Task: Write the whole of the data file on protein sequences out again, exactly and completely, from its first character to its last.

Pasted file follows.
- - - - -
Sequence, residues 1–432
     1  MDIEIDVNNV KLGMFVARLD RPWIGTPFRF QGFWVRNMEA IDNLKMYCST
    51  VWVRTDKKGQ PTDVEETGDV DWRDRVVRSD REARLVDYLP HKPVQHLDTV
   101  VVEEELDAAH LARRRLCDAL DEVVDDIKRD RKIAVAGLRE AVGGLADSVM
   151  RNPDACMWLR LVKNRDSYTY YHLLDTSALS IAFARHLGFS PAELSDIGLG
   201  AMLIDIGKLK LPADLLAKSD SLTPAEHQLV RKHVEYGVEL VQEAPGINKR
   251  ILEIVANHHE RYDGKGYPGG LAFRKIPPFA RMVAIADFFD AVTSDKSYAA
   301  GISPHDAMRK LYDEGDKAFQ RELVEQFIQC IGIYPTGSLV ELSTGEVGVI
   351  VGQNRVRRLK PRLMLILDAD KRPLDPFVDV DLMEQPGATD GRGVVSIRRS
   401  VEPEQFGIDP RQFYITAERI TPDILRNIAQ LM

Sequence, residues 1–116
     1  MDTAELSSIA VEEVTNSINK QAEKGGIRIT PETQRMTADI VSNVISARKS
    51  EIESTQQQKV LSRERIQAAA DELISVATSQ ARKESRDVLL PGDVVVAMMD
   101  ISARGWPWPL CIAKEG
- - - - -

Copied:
Sequence, residues 1–432
     1  MDIEIDVNNV KLGMFVARLD RPWIGTPFRF QGFWVRNMEA IDNLKMYCST
    51  VWVRTDKKGQ PTDVEETGDV DWRDRVVRSD REARLVDYLP HKPVQHLDTV
   101  VVEEELDAAH LARRRLCDAL DEVVDDIKRD RKIAVAGLRE AVGGLADSVM
   151  RNPDACMWLR LVKNRDSYTY YHLLDTSALS IAFARHLGFS PAELSDIGLG
   201  AMLIDIGKLK LPADLLAKSD SLTPAEHQLV RKHVEYGVEL VQEAPGINKR
   251  ILEIVANHHE RYDGKGYPGG LAFRKIPPFA RMVAIADFFD AVTSDKSYAA
   301  GISPHDAMRK LYDEGDKAFQ RELVEQFIQC IGIYPTGSLV ELSTGEVGVI
   351  VGQNRVRRLK PRLMLILDAD KRPLDPFVDV DLMEQPGATD GRGVVSIRRS
   401  VEPEQFGIDP RQFYITAERI TPDILRNIAQ LM

Sequence, residues 1–116
     1  MDTAELSSIA VEEVTNSINK QAEKGGIRIT PETQRMTADI VSNVISARKS
    51  EIESTQQQKV LSRERIQAAA DELISVATSQ ARKESRDVLL PGDVVVAMMD
   101  ISARGWPWPL CIAKEG